Managing crises in Central and Eastern Europe: A sit-down with Peter Fecko, CEO – Grayling CEE
As the Central and Eastern European (CEE) region faces a stiff challenge following Russia’s invasion of Ukraine, crisis communications have risen in significance for brands operating in CEE countries. Peter Fecko leads Grayling in CEE and has more than 25 years’ experience in PR, Public Affairs, and crisis communications.
Peter has been at the cutting edge of communications in the region and has seen the practice mature across CEE, especially since many of its countries were absorbed into the European Union (EU) after the fall of the Iron Curtain. PA was a new field, which has required a great deal of client education and training over the years. Peter’s crisis experience covers a wide range of industries, from heavy industry to local government.
Here, Peter stresses the importance of transparency, consistency, and local knowledge when tackling comms crises in CEE.
Talk us through a typical day – what’s on the agenda?
I manage nine offices across the region, so crises usually take up 10-20% of my time, but when they hit, they take priority. I really enjoy crisis comms; I enjoy setting up the structure of the comms, developing the tactics and messaging. To manage crises effectively, you need experience in lots of fields of PA and PR.
Across CEE, despite its many different countries, languages, cultures and media, the principles of communication remain the same. For example, transparency and openness are critical.
What’s the trickiest crisis you’ve worked on and why?
The most challenging crises are the ones with fatalities. It’s happened to manufacturing clients over the years. Emotionally, it’s very difficult and there’s no nice way to manage the news.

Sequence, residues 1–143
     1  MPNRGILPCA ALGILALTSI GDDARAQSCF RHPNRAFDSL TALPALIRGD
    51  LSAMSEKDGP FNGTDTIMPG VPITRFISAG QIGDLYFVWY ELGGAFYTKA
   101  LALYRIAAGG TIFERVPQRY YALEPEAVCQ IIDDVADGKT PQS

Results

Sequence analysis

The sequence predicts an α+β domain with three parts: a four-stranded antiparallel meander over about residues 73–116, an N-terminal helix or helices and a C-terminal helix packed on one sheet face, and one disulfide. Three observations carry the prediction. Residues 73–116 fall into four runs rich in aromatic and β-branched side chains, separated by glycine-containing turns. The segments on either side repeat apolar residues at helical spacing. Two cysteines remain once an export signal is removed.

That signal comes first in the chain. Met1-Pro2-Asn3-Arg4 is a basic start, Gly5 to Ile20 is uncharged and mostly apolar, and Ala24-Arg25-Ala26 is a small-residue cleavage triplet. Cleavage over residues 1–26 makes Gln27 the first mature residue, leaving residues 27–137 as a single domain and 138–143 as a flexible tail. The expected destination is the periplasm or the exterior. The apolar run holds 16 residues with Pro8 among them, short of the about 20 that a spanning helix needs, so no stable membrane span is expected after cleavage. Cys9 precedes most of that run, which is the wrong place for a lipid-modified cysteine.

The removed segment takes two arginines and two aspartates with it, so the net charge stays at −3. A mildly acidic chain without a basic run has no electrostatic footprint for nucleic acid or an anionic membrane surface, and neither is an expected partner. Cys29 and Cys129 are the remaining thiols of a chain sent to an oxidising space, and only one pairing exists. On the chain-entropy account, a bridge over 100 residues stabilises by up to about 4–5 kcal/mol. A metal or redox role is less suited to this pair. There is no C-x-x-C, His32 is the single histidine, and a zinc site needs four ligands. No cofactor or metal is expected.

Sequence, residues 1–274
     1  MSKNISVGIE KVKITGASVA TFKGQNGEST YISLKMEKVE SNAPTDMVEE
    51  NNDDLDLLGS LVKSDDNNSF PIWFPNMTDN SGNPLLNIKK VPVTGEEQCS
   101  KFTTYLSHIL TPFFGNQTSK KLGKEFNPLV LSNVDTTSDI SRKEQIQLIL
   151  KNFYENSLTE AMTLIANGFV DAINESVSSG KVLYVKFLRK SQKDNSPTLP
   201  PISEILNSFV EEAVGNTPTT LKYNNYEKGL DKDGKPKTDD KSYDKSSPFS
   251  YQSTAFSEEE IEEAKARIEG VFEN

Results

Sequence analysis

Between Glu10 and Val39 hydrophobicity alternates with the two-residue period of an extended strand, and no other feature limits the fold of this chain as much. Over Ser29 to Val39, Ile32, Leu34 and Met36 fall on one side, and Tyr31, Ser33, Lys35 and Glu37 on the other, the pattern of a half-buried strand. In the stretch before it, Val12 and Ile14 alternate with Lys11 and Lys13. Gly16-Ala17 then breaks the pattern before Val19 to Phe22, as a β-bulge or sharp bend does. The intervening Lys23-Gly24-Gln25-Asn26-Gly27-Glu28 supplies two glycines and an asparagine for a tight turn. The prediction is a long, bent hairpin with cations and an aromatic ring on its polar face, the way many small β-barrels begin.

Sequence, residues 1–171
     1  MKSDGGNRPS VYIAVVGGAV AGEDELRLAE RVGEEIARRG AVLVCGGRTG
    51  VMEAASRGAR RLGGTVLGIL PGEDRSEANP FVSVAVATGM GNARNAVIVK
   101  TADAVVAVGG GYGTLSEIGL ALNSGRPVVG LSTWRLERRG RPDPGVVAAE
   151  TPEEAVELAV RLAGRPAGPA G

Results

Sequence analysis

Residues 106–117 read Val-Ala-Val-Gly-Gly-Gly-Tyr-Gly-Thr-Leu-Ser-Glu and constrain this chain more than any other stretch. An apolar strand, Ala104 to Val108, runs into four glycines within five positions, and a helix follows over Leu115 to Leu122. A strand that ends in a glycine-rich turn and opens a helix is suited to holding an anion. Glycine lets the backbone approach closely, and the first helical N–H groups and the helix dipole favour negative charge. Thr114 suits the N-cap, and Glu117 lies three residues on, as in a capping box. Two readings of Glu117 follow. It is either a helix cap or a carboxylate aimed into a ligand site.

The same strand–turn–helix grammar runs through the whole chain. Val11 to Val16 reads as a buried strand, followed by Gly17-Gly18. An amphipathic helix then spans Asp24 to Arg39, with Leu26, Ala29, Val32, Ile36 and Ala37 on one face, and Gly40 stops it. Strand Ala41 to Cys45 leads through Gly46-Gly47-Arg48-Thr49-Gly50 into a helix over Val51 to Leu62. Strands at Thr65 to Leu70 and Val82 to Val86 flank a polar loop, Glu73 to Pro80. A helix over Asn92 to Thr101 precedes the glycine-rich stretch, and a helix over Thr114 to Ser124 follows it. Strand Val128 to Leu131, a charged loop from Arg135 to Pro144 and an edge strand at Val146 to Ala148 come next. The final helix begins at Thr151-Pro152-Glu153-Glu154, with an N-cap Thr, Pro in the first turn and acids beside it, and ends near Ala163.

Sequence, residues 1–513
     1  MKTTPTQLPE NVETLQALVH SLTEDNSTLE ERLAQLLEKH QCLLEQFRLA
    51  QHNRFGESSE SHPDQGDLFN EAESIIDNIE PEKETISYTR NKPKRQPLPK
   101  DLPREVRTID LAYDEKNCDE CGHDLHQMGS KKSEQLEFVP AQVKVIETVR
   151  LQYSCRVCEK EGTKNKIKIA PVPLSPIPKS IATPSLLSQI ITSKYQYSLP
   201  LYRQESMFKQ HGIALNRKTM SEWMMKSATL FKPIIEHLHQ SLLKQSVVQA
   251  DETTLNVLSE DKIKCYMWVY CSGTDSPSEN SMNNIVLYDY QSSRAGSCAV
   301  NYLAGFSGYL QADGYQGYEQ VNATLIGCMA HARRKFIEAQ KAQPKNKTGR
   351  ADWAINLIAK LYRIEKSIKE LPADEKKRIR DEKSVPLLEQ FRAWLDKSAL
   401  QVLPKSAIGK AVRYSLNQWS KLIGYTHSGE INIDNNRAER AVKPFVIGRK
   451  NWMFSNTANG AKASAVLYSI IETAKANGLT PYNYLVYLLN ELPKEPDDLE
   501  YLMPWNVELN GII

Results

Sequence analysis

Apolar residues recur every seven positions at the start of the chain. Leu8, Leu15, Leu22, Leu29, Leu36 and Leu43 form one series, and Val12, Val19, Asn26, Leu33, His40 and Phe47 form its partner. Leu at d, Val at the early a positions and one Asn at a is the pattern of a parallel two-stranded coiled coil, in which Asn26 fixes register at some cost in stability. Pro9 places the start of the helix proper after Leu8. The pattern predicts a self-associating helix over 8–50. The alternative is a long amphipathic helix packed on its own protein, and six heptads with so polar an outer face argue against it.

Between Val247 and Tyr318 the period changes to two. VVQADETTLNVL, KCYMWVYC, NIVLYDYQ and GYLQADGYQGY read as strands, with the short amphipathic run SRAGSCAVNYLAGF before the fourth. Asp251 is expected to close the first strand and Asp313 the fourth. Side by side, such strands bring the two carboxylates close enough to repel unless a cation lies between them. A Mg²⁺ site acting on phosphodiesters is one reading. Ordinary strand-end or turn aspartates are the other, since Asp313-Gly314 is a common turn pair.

Another challenge, which has grown in recent years, is the rise of environmental protest activity. It’s difficult because everyone wants to protect nature, but you cannot really win in that crisis if you are a polluting organisation. The public will always side with the protection of nature and it’s hard to argue against that.
What do you know now that you didn’t when you started out?
Probably the most important lesson is that you cannot avoid being transparent. There’s simply no way around it. You need to be honest and rectify mistakes and damage.
Another thing is to make sure that management is fully on board with you. It’s really difficult to do crisis comms effectively if the decision-makers are not in full agreement.
What’s ahead for CEE during the rest of 2023?
The biggest thing dominating affairs in CEE now is, of course, the ongoing war in Ukraine. Last year, we saw a lot of companies pull their operations out of Russia and moving into other parts of CEE. Now, I think it’s quite challenging as many companies want to get back into Ukraine. Six or nine months ago, we saw a lot of solidarity for Ukraine and its people, and now organisations have concluded that the war is almost a ‘new normal’ in Ukraine and that it won’t end so quickly.
What’s your one piece of advice then when handling a crisis in CEE?
Never lie. It’s that simple. Always state the facts, be transparent and consistent. You cannot go back on something you have already said. In some markets, the media can be quite cynical so it’s key to try to solve the situation and tackle it head on.
To learn more about Grayling’s crisis communications offering in Central and Eastern Europe, you can reach Peter here.
In Crisis Communications